It looks like AI fatigue is upon us: OpenAI’s website traffic plummets for the first time since the company launched the ChatGPT viral chatbot in November.
Web analytics company SimilarWeb reported this week, global traffic to OpenAI’s ChatGPT webpage, including desktop and mobile traffic, fell 9.7% in June. In the United States alone, the drop in traffic is estimated at 10.3%. at the same time, unique visitors from around the world to the ChatGPT website fell by 5.7%. SimilarWeb also reports that the time people spent on the webpage also dropped by 8.5%. This would mark the first drop in traffic since OpenAI launched ChatGPT eight months ago.
“Whether OpenAI management is heartbroken over the drop in traffic is debatable. Initially launched as a technology demo, the ChatGPT website primarily serves as a lead-generating lead product for OpenAI, making its technology available for other companies to integrate into their applications,” wrote David Carr, Senior Similar Web Information Officer, Company Report. “Yet the decline in interest not only for ChatGPT but one of its main competitors is a sign that the novelty has worn off for AI chat. Chatbots will need to prove their worth, rather than take it for granted, from now on.
OpenAI did not immediately return Gizmodo’s request for comment on the traffic cut.
The trend is not unprecedented, however, as SimilarWeb said in Can that traffic to the ChatGPT webpage has started to plateau, indicating that the June drop is probably not just a fluke. Bank of America has also found that it’s not just website visits that are declining. CNBC reports that downloads for ChatGPT and Microsoft Bing apps fell 38% from May to June, according to Bank of America analysts citing data from Sensor Tower.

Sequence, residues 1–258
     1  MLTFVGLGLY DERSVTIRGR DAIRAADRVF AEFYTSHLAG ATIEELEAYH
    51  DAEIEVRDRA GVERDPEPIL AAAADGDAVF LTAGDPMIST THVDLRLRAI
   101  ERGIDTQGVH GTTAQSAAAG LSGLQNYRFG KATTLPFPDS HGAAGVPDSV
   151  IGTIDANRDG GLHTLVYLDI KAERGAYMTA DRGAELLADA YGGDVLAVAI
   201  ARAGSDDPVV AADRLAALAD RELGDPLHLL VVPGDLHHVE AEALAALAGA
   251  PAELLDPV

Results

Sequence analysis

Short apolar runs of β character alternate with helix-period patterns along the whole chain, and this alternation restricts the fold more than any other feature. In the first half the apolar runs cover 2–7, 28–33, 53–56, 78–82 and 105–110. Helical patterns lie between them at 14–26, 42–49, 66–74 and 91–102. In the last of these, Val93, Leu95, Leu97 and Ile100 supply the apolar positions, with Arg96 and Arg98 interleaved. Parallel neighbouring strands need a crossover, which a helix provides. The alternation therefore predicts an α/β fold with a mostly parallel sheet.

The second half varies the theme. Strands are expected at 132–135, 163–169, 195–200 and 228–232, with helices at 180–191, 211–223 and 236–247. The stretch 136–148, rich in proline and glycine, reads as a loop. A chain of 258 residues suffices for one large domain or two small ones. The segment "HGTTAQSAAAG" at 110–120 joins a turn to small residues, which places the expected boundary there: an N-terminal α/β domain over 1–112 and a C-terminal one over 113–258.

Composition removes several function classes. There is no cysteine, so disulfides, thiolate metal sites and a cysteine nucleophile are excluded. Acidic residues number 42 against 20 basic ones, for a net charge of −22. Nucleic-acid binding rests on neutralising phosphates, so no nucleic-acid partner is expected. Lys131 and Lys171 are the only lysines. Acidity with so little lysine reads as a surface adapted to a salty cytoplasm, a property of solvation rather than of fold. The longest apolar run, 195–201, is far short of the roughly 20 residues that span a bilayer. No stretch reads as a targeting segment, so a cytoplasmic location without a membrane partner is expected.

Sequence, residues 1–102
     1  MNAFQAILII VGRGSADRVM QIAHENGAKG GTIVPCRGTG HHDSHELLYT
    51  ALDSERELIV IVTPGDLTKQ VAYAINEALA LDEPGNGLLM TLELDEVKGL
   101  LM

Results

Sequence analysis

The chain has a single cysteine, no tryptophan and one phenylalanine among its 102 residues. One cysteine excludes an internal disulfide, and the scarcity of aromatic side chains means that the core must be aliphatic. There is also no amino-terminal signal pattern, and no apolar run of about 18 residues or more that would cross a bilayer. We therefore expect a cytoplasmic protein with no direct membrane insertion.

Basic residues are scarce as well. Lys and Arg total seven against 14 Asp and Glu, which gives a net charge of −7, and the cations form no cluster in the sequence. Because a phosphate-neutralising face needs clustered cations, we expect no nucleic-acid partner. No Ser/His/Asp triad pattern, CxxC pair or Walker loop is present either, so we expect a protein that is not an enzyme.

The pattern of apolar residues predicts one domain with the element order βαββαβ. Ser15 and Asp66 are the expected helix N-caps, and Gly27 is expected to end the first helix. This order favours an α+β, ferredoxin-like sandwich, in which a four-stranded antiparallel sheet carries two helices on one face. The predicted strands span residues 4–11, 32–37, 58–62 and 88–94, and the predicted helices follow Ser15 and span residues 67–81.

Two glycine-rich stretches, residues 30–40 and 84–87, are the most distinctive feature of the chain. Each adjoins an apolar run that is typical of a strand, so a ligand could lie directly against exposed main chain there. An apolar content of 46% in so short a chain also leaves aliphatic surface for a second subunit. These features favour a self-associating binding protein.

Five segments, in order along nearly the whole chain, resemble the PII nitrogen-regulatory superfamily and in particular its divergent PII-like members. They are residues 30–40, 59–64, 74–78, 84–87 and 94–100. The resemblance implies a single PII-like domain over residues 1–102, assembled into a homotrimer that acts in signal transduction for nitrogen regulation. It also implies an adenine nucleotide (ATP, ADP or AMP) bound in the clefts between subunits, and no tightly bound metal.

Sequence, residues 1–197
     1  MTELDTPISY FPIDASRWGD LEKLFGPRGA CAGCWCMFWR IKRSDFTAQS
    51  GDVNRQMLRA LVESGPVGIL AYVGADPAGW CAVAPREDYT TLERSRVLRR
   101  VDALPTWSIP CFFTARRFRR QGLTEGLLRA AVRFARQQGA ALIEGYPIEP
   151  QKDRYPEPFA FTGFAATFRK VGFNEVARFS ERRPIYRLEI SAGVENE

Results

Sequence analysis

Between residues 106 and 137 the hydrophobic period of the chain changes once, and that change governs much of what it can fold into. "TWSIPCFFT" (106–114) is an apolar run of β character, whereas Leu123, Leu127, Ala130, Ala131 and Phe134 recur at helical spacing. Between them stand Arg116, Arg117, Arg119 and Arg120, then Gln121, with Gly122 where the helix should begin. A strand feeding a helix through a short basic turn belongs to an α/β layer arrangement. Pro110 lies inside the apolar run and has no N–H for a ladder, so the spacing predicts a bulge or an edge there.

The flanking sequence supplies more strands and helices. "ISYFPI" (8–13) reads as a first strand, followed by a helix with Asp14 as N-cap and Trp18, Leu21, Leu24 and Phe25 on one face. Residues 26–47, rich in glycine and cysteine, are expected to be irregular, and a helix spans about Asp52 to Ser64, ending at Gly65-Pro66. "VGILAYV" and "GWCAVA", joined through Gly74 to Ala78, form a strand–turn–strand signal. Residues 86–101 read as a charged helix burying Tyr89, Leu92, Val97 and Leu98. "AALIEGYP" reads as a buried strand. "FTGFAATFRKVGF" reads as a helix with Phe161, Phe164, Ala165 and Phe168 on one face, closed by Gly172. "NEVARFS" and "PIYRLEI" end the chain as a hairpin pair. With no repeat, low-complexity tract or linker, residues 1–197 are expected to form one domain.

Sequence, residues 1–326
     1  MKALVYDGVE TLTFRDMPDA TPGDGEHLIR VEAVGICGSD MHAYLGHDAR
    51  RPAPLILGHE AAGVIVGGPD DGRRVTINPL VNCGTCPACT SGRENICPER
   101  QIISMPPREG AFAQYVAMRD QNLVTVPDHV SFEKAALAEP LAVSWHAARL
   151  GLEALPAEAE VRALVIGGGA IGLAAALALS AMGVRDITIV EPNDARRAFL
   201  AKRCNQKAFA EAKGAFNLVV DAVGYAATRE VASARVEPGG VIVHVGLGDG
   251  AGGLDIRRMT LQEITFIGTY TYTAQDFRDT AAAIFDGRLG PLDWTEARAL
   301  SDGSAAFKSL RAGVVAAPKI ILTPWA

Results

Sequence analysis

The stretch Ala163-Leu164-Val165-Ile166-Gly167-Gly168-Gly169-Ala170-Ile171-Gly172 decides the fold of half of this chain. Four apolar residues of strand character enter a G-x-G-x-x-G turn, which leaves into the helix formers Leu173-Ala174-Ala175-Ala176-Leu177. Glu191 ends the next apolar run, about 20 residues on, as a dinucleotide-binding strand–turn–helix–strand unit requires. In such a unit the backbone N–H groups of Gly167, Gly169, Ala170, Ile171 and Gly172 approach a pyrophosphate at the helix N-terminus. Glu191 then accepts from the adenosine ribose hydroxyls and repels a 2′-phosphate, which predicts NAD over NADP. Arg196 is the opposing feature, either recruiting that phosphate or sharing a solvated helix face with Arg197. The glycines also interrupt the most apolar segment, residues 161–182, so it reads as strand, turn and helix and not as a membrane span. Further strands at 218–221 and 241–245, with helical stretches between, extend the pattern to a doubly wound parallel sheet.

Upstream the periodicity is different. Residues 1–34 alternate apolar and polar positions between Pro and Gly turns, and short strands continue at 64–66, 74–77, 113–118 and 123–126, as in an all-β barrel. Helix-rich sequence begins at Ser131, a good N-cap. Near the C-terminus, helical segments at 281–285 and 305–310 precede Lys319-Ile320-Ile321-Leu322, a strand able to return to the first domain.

ChatGPT’s erratic website traffic could be a sign that the chatbot’s widespread appeal may be dying out, and while the chatbot has rapidly risen to prominence over the past few months, it has not been without its problems. . A recent study by researchers from the University of California at Irvine and the University of Texas at Arlington found that ChatGPT’s GPT3 training required 185,000 gallons or 700,000 liters of water– a titanic waste that amounts to an average user throwing a large bottle of water on the ground with each conversation. Although it depends on large amounts of water to operate, ChatGPT also depends on human workers, who can be stiff in their paychecks. US-based human contractors, who help label data to help train the chatbot, earn just $15 an hour.